Crain Communications, MSXI combine to produce inaugural TIM Detroit mobility, technology event
Technology in Motion (TIM) launches this September with the goal of creating the largest mobility and technology exhibition in North America and showcasing Detroit as a hub for research and development. Created from a partnership between Crain Communications and MSX International, TIM’s aim is to demonstrate the capabilities within Michigan’s auto industry, while highlighting the history – and future – of the Motor City.
“The mobility conversation is obviously a global one, but there is a great opportunity for Detroit — which is doing so much for research around the mobility space — to own this conversation,” said KC Crain, President and Chief Operating Officer of Crain Communications, which publishes Automotive News and Autoweek, among more than a dozen business-to-business titles. “Whether you’re Toyota or Nissan or Volkswagen, some of your largest R&D facilities are in Michigan, so it absolutely just makes sense that all of these conversations happen here.”
TIM’s inspiration was driven by the experiences of Crain Communications and MSX International in the automotive industry. “A group of leaders in the city decided that we need to have a better platform for really cementing Detroit as the hub of the conversation around mobility,” Crain said. David Graff, MSXI’s Vice President of Sales and Retail Network Solutions, said the three-day mobility exhibition and conference was created out of a desire to reunite Detroit with cutting-edge automotive technology. “Seventy percent of U.S.-based auto-tech happens within 100 miles of Detroit, and 61 of the top 100 suppliers have their headquarters in Detroit,” Graff said.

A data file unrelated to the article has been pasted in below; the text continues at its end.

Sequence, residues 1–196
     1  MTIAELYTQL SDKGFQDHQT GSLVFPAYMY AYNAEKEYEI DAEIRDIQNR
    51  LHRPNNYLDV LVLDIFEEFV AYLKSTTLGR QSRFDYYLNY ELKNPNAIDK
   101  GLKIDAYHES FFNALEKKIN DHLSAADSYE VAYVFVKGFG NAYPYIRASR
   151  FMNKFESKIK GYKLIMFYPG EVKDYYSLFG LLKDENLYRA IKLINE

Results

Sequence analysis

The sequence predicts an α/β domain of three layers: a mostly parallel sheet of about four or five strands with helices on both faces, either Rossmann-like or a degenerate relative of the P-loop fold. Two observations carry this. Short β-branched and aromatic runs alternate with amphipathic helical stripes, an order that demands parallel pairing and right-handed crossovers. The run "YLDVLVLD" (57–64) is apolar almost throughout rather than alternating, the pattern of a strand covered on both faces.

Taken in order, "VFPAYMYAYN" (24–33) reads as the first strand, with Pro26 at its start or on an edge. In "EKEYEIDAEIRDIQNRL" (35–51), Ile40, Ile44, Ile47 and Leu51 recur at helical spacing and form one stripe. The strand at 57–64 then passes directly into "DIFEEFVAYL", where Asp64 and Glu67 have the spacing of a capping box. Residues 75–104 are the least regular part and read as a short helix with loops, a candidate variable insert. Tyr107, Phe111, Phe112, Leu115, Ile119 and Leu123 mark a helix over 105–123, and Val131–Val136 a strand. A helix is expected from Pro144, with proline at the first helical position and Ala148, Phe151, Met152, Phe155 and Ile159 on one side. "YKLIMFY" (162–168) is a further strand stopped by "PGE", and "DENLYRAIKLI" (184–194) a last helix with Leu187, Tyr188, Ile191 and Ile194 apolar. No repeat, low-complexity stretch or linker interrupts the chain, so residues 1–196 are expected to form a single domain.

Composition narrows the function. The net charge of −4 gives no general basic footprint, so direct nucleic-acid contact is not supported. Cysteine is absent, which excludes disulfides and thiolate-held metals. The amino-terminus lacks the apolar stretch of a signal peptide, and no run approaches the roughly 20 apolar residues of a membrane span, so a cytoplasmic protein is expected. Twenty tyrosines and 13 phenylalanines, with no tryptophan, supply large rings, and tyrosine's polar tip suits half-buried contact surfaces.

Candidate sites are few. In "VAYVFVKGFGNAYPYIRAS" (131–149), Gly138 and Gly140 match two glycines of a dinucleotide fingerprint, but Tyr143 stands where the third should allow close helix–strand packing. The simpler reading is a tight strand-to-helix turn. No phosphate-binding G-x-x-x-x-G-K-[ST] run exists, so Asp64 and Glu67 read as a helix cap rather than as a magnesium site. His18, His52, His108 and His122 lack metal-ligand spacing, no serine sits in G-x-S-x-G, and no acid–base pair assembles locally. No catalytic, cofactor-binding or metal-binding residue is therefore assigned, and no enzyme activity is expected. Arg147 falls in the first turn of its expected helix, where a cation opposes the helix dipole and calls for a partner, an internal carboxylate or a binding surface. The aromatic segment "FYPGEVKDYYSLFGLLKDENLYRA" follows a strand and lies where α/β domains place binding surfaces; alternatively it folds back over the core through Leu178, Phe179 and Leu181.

“The truth is that a lot of the tech that is developed in California is ultimately readied, tested and deployed in Michigan… TIM offers a platform for bringing together the best thought leaders from Silicon Valley and Detroit, as well as putting Detroit back in the driver’s seat when it comes to innovation in automotive technology,” Graff said.
The exhibition will feature displays from established automotive and technology leaders such as General Motors, Nissan, Lear Corporation, and Dassault Systèmes as well as startup mobility companies. TIM will also feature pitch competitions and a hackathon competition, and a section of the exhibition will be dedicated to a STEM Careers Showcase, combining interactive exhibits with informational programming for high school and college students. “There is a battle for talent. Everyone is going after the best and brightest, and what we are trying to say is that if you are a young engineer, or developer, or finance professional, and you want a high-tech career, it is right here in the automotive industry in Detroit,” Graff said.
A separate conference will focus on four automotive trends: autonomous/electric vehicles; mobility solutions; connected cars; and the digital consumer experience. Scheduled speakers include Matt Simoncini, Lear’s President and Chief Executive Officer; Rachel Bhattacharya, Maven’s Director, Commercial Programs; and Jerry Lavine, Magna’s Vice President of Advanced Product Development; among many others. “There are a lot of conferences that talk about connected, autonomous, shared, electric, mobility at state levels and at federal levels,” Crain said. “But nobody has created a platform to have everybody participate in the conversation.”
The final component of the TIM exhibition and conference is a downtown Detroit experience. “The really exciting thing is when people leave Cobo Hall, (Quicken CEO) Dan Gilbert and his team at Rock Ventures and Quicken Loans are going to help us put on the largest urban autonomous drive and they’re going to have a mobility parade,” Crain said. “It’s really going to be a big party.” He said Detroit belongs in any discussion of the automotive industry today – and into the future.
“If there isn’t collaboration between the automakers, suppliers, city and state — or even between state and state — it’s going to be a lot more difficult to get a lot of this technology in the mainstream,” Crain said. “So it is by far the most important time to be talking about the future of mobility.”